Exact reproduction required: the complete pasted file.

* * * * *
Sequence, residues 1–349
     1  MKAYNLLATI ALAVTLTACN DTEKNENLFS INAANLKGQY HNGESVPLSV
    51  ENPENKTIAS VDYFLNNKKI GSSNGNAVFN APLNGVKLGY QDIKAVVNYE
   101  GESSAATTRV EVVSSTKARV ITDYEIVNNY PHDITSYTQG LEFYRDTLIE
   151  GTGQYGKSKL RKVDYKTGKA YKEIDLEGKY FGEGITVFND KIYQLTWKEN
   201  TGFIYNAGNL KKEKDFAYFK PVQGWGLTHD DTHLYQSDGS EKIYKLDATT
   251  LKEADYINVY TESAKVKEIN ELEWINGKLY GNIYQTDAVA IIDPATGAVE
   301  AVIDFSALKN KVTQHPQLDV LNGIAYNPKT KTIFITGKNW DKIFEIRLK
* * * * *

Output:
Sequence, residues 1–349
     1  MKAYNLLATI ALAVTLTACN DTEKNENLFS INAANLKGQY HNGESVPLSV
    51  ENPENKTIAS VDYFLNNKKI GSSNGNAVFN APLNGVKLGY QDIKAVVNYE
   101  GESSAATTRV EVVSSTKARV ITDYEIVNNY PHDITSYTQG LEFYRDTLIE
   151  GTGQYGKSKL RKVDYKTGKA YKEIDLEGKY FGEGITVFND KIYQLTWKEN
   201  TGFIYNAGNL KKEKDFAYFK PVQGWGLTHD DTHLYQSDGS EKIYKLDATT
   251  LKEADYINVY TESAKVKEIN ELEWINGKLY GNIYQTDAVA IIDPATGAVE
   301  AVIDFSALKN KVTQHPQLDV LNGIAYNPKT KTIFITGKNW DKIFEIRLK